If you enjoy reading, you likely also enjoy audiobooks, since they allow you to “read” a book while you do other things. Here’s how to listen to audiobooks on the Amazon Echo using just your voice.

RELATED: How to Set Up and Configure Your Amazon Echo

Using an audiobook service called Audible, you can play your audiobooks through your Amazon Echo and control them using your voice. You can also listen to your Kindle books through the Echo, if that particular Kindle book supports it–though it’ll be read in Alexa’s slightly more robotic voice than the real person you get on Audible.

In any case, it’s really easy to set up your Audible account and use your Echo to read your audiobooks aloud. In fact, as long as you’re logged into your Amazon account on your Echo device, Audible is already ready to go (since Amazon owns Audible and the two are tightly integrated). As long as you have an Audible subscription, you can go ahead and get started listening.

Sign Up for an Audible Account

If you don’t already have an Audible account, you can easily create one. Since Amazon owns Audible, it’s really quick and easy to sign up for the audiobook service. Start by going to Audible’s website and click on “Sign In” in the upper-right corner of the screen.

Enter in your Amazon email address and password on the login screen. Click “Continue” to create or sign into your account.

If you’ve never used Audible before, you’ll get a free 30-day trial, which will get you one free audiobook.

After you sign up for Audible, your account will automatically be linked to your Amazon Echo as long as your Amazon account is linked to the device. From there, you can buy audiobooks and listen to them on the Echo.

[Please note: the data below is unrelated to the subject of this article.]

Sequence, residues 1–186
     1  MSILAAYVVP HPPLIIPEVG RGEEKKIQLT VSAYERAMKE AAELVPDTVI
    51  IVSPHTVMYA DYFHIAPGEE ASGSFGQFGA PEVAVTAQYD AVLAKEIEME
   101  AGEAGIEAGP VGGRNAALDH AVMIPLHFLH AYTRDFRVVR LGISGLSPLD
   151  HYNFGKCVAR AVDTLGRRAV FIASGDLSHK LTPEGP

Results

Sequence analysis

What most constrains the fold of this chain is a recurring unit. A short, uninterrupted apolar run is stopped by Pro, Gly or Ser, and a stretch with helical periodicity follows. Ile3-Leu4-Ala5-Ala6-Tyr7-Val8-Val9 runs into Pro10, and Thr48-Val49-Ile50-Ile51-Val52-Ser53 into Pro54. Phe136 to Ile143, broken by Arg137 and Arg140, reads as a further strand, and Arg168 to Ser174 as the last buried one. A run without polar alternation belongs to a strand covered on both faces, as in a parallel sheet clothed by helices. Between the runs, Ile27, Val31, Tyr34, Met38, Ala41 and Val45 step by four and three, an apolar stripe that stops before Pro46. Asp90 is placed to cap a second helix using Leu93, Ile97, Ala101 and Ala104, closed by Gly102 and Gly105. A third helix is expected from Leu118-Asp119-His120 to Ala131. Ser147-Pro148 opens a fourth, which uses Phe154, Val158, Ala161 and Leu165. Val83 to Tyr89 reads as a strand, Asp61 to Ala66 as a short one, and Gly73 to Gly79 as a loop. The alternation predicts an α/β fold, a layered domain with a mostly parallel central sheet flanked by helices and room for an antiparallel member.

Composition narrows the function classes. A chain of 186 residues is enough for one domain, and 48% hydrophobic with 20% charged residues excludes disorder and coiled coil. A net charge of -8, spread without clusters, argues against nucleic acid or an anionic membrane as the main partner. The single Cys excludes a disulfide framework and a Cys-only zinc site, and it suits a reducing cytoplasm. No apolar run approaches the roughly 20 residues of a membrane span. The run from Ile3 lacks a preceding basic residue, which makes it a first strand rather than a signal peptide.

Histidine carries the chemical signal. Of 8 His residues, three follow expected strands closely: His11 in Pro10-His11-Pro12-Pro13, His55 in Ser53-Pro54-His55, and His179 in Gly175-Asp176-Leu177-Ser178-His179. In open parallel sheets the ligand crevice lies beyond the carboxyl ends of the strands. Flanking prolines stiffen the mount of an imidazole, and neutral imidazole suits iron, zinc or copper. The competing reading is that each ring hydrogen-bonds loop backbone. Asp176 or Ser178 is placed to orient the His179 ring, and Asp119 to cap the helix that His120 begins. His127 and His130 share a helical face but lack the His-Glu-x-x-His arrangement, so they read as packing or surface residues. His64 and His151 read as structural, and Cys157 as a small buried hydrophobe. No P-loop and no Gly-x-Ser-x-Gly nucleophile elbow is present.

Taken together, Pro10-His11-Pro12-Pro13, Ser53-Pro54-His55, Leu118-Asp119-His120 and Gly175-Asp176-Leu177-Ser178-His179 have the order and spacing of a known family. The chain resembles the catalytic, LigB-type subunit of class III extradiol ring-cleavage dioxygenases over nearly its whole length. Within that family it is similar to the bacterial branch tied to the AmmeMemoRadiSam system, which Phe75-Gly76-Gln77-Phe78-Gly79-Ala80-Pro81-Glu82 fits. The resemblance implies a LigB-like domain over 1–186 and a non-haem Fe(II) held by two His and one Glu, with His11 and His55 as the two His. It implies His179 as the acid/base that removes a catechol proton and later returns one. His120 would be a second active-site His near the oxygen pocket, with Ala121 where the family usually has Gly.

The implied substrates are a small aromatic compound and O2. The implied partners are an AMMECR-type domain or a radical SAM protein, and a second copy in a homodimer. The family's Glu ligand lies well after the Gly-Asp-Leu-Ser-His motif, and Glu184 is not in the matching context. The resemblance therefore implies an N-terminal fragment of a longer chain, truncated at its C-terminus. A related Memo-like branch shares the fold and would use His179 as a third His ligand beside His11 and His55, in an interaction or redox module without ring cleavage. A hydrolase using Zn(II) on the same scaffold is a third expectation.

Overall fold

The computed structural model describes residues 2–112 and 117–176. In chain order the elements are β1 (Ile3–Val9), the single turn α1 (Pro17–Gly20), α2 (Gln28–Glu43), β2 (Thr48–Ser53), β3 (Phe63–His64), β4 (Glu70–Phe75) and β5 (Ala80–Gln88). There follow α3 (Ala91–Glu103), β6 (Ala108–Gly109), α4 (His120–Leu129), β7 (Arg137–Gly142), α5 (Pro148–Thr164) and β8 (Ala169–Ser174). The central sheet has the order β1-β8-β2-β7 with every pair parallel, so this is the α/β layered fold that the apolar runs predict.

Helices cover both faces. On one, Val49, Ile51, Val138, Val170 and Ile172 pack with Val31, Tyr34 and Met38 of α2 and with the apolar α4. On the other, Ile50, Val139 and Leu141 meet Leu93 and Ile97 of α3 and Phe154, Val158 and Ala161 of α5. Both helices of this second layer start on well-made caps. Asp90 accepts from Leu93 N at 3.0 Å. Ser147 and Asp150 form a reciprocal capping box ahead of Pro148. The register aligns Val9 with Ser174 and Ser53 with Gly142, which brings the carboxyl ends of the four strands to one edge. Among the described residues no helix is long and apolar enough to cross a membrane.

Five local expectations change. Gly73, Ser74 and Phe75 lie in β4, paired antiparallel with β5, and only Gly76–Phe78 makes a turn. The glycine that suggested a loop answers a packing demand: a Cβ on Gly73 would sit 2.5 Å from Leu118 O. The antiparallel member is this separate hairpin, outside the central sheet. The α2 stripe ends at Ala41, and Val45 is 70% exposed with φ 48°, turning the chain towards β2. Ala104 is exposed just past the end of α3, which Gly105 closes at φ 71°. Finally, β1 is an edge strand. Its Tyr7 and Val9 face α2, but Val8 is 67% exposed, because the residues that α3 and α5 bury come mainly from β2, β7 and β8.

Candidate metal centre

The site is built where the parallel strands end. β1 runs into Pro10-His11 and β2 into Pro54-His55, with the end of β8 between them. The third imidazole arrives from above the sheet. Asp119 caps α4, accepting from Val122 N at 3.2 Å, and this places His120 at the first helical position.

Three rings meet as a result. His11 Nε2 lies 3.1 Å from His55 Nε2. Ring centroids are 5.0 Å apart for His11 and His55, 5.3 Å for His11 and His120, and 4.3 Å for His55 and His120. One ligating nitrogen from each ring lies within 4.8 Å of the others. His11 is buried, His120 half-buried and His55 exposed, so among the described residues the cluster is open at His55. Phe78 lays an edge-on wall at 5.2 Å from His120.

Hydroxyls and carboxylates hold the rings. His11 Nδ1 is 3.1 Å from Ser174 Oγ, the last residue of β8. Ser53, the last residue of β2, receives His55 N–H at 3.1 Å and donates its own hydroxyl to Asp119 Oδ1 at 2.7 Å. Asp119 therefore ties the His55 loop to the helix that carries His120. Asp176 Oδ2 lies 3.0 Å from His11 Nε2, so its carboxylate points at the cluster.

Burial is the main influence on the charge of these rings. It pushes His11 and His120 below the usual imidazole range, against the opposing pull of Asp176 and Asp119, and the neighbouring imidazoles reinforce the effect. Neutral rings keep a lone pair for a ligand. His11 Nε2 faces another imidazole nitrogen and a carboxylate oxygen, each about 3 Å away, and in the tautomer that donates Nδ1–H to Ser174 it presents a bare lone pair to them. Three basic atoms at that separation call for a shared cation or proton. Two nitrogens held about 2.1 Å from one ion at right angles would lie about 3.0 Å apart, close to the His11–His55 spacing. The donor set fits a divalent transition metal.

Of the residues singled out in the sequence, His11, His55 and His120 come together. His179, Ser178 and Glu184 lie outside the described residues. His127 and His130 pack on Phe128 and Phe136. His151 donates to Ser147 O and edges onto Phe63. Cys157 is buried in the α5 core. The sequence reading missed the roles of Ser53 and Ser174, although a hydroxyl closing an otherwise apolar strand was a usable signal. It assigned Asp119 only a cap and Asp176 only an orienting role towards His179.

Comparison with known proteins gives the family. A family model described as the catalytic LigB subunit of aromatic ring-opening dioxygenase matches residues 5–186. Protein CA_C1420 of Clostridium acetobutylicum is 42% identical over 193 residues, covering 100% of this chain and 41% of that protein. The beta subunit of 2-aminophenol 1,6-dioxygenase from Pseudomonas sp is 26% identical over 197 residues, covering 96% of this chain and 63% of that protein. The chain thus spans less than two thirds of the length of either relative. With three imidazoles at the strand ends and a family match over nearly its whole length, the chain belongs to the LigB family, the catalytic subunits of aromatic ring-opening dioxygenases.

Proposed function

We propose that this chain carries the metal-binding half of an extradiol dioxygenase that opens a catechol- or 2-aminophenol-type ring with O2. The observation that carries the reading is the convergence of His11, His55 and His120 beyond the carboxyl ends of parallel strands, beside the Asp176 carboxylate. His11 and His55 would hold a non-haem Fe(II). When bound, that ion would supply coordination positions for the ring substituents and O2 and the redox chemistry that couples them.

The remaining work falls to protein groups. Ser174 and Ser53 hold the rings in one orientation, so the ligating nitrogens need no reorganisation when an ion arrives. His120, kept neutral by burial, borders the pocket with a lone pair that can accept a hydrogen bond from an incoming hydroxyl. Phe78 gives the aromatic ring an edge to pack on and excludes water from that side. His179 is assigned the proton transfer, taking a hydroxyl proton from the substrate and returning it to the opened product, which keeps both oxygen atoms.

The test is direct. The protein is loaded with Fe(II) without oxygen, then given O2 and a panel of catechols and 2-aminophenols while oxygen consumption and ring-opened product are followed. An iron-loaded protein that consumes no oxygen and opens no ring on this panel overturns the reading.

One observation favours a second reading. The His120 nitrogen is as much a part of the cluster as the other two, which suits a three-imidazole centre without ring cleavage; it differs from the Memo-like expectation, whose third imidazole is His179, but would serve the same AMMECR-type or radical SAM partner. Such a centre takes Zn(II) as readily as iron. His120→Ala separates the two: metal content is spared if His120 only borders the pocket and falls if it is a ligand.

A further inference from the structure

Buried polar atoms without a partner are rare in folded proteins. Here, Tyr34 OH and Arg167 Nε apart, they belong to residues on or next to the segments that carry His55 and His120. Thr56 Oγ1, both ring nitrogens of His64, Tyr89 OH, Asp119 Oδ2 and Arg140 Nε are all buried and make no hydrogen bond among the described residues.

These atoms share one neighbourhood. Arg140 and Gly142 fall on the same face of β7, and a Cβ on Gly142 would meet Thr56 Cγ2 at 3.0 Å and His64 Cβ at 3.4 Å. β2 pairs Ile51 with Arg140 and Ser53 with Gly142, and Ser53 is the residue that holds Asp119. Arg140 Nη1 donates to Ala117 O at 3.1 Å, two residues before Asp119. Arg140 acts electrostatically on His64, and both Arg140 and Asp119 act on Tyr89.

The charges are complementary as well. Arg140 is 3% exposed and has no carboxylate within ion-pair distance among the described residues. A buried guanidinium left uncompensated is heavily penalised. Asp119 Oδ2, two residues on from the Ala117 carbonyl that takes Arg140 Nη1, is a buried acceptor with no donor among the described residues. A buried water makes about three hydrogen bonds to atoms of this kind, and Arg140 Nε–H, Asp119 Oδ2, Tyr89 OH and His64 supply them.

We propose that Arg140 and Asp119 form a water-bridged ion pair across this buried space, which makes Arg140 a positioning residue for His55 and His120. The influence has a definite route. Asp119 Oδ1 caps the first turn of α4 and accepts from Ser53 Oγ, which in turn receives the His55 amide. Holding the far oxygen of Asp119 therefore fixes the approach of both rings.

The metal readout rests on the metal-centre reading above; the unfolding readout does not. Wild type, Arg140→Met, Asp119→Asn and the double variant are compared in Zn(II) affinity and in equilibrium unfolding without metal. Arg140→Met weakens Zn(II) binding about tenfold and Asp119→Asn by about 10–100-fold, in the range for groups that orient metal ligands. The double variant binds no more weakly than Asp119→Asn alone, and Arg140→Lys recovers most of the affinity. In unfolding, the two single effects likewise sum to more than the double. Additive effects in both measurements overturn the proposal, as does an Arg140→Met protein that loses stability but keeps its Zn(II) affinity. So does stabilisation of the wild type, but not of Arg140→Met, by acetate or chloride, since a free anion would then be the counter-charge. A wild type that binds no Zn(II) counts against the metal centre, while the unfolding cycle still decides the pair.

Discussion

How to Control Audible Audiobooks with Your Voice

There are a handful of voice commands that you can give Alexa when it comes to listening to your audiobooks from Audible. Here are some variations you can use to begin listening to your audiobooks. Keep in mind that you will need to own or be renting the audiobook on Audible in order to listen to it.

“Alexa, play the book [title].”

“Alexa, play the Audiobook [title].”

“Alexa, play [title] from Audible.”

You can also control your audiobook using your voice by pausing, rewinding, etc.

“Alexa, pause.”

“Alexa, resume.”

“Alexa, go back.” (This will rewind the audiobook by one paragraph.)

“Alexa, go forward.” (This will fast forward the audiobook by one paragraph.)

Alexa even recognizes individual chapters in audiobooks, so you can tell Alexa to go to a different chapter or fast forward to the next chapter.

“Alexa, next chapter.”

“Alexa, previous chapter.”

“Alexa, go to chapter number (#).”

“Alexa, go to last chapter.”

How to Play Audiobooks on the Echo from Your Phone

If you don’t want to use your voice to tell Alexa to play an audiobook, you can use the Alexa app to find the audiobook and begin playing it through the Amazon Echo. After it begins playing, you can use the above voice commands for controlling it if you want.

To play audiobooks from your phone, begin by opening up the Alexa app and tapping on the sidebar menu button in the top-left corner.

Tap on “Music & Books”.

Scroll down and tap on “Audible”.

A list of your audiobooks that you own or rent will appear in a list.

Simply tapping on one will begin playing it. If you’re in the middle of an audiobook, it will begin playing it from where you last left off.

After you’re done listening to it for now, you can go into the Audible app and finish where you left off from when you listened to it on the Echo. You’ll get a popup confirming the location you’re at in the audiobook.

There may not be a lot of times when you’ll want to listen to an audiobook at home (I find them best for listening to in the car), but if you’re doing chores, cooking dinner, or just relaxing, listening to audiobooks through the Amazon Echo can be a great way to finally finish that book you’ve been meaning to read…err…listen to.

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Craig Lloyd is a smarthome expert with nearly ten years of professional writing experience. His work has been published by iFixit, Lifehacker, Digital Trends, Slashgear, and GottaBeMobile.
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